husslin-vs-ballin-the-eternal-struggle.jpgThe recession reached its hand into Silicon Valley's now lukewarm tub and yanked the plug.  It's still draining out, and I wish it would go faster, because there are just too many fucking people in the San Francisco Bay Area.  I'm talking about you, guy in your Prius taking the left hand turn on to Middlefield Road too slowly.  Leave, now.  And don't come back.  Bonus points for wrapping your expression of environmental consciousness around a tree.  Be one with nature.

The guy who drives the Prius likely works at a Web 2.0 company that's burning its way through the $4 million it raised from Me2 Ventures, one of the many sheep-funds in the Valley who follow the trends of top-tier investors like Sequoia or DFJ but don't have the connections to pull liquidity out of hype.

In two years, this guy's company will finally run out of money, having failed to raise another round because investors are too busy conjuring up the next bubble.   The failure of Web 2.0 was a live demonstration in I-Told-You-So, as was the first bubble.  Both times, the world looked on and thought "what the fuck are you doing?", and Silicon Valley replied "shut up and bring me my Vaseline".  We went from bad business plans to no business plans, and saw much less liquidity this time.  The big bang was YouTube, and it was all down hill from there.

The Only Easier Money is Marijuana

So what will the next bubble be?  Green technology.  Green energy.  Green computers.  Green pants.  Green vomit after an Absinthe adventure.

Al Gore did a wonderful job creating awareness of global warming.  Awareness isn't the right word, but neither is hysteria.  Both are close enough.

San Franciscans were more motivated than usual by this cause, and have begun to care about their carbon footprints or other such nonsense.  Making a San Franciscan feel like he alone can make a difference is the best way to control his actions.  See also: spending habits.  Al Gore, with his nonthreatening voice and relentless assault of data has the power to cultivate the same feeling in stay-at-home-moms and college students.

Unfortunately, the average American mind can only be concerned with one crisis at a time.  Purveyors of fine doom-and-gloom are continuously vying for this spot.  Presently, it's the economy.  Foreclosures.  You're going to lose your house.  Oh fuck, you'll lose your house, your family, your car, and did we mention that you'll be living on the street?  Fear not.  Here's some shit you can buy to make it all better.  Here's a politician you can vote for who will fix everything.

Fear cycles last a few years.  Remember when we were afraid of terrorism?  What about peak oil?  Global cooling anyone?  When money comes back to the Valley, it's going to be aligned perfectly with the beginning of the next fear cycle, and the next fear cycle is going to be global warming.  Or climate change.  Or polar bear rescue.  You can call it whatever you like, as long as you spend money to fix it.  Do your part.  It's your obligation as a citizen of the earth.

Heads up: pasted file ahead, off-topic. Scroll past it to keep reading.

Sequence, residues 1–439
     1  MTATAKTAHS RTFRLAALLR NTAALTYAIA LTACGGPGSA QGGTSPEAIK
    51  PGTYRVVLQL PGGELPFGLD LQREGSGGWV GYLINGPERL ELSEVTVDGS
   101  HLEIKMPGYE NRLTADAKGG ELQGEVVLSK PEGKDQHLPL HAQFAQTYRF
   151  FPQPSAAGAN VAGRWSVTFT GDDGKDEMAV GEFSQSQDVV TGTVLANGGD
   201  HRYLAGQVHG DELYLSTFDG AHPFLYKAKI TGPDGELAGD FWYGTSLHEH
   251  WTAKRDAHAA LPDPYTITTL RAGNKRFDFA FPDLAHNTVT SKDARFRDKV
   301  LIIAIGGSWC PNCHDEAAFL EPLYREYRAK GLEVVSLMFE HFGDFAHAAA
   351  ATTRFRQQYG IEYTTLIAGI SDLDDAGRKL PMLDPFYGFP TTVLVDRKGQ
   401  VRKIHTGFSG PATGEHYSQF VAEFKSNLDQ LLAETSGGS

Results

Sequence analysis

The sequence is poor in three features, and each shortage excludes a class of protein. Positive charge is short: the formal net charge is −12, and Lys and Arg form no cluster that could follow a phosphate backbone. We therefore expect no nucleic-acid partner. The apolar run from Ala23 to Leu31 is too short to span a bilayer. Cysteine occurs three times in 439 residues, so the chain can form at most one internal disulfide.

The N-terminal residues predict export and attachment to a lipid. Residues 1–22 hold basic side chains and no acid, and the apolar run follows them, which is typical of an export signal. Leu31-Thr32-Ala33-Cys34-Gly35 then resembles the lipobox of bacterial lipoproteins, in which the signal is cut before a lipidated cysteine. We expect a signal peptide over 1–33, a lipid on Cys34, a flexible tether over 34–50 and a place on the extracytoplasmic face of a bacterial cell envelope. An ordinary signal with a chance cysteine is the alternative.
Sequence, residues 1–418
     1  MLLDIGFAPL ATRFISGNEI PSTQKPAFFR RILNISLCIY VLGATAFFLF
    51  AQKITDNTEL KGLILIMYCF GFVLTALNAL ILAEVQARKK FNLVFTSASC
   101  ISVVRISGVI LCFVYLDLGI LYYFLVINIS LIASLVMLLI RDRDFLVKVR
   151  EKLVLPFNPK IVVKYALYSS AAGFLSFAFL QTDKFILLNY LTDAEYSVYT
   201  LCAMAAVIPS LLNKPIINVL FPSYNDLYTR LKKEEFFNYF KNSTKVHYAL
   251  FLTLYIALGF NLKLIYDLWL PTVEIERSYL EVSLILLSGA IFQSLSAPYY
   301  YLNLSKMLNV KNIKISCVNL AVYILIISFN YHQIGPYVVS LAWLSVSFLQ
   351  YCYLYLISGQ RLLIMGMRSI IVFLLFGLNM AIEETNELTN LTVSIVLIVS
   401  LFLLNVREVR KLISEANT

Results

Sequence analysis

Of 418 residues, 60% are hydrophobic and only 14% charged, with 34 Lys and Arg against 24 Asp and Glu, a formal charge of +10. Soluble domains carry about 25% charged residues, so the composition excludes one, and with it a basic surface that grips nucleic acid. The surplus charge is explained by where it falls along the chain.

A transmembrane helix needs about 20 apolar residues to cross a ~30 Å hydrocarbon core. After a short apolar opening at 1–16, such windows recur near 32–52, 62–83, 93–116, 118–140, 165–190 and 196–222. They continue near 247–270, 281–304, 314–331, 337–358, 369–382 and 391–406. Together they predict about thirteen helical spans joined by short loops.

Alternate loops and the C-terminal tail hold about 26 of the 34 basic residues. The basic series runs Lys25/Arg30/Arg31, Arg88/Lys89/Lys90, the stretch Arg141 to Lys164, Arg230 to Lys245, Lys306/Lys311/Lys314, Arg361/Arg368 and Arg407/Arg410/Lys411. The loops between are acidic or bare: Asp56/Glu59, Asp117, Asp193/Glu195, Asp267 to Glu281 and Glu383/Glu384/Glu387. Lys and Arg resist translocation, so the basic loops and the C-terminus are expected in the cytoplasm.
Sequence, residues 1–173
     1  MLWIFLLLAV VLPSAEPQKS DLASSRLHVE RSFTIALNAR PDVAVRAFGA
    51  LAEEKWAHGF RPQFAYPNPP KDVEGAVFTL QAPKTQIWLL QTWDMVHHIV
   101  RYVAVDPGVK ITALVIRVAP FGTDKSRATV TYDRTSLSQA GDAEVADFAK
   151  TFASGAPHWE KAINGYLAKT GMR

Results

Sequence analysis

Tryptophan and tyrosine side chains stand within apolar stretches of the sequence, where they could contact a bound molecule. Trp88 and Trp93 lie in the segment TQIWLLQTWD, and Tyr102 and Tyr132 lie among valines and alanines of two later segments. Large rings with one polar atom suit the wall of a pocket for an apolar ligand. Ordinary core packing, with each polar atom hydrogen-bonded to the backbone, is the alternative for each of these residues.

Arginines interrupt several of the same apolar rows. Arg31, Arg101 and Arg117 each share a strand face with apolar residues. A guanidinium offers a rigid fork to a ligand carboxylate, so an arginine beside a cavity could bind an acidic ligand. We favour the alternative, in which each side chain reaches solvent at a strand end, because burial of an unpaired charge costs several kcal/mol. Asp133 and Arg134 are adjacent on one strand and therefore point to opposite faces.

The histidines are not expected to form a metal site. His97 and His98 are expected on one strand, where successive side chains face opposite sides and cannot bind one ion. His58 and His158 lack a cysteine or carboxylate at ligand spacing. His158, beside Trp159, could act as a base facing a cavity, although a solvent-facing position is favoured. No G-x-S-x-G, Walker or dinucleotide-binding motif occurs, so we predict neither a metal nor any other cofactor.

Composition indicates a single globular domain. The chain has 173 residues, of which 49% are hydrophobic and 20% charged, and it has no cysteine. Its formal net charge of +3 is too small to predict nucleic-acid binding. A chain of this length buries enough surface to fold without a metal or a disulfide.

Still Waiting For That Twitter Business Plan

Green tech hasn't taken off yet because liberal guilt can't support a very big market.  What you need is government collusion.  You need somebody with a gun to step in and say that if you emit more than 100 tons of carbon per year, you need to pay.  You need that same person with a gun to say that these carbon emission credits have value, and can be traded.  It helps if your typical Silicon Valley entrepreneur or investor believes the call to action.

That last part is easy.  Web 2.0 was all about San Francisco values.  Sharing.  Caring.  Understanding.  What would Web 3.0 be about? Many say it's some semantic bullshit.  Those are the same people who have figured out what Twine does (any hints?).  Whatever we can dream up to do over the internet won't draw any money; investors will be bored with web companies after this debacle.  The money will go to green tech, because there will be an obvious business plan, popular support, and a government mandate.  How can you lose? 

The entrepreneurs will follow suit.  Silicon Valley types love to feel like they're making a difference, and green tech will practically let them fellate themselves. (In Web 2.0 the Silicon Valley types fellated one another, so this is the natural extension)  It will be different people, as an extensive knowledge of Python doesn't give you much insight into solar panel construction, but the same kind of people.

I believe this because it's satisfying.  No more "get users, do something, get bought out".  This time, it's "invent something, build it, sell it".  Sure, we'll be turning a profit by taking sick advantage of alarmism, but it's a business.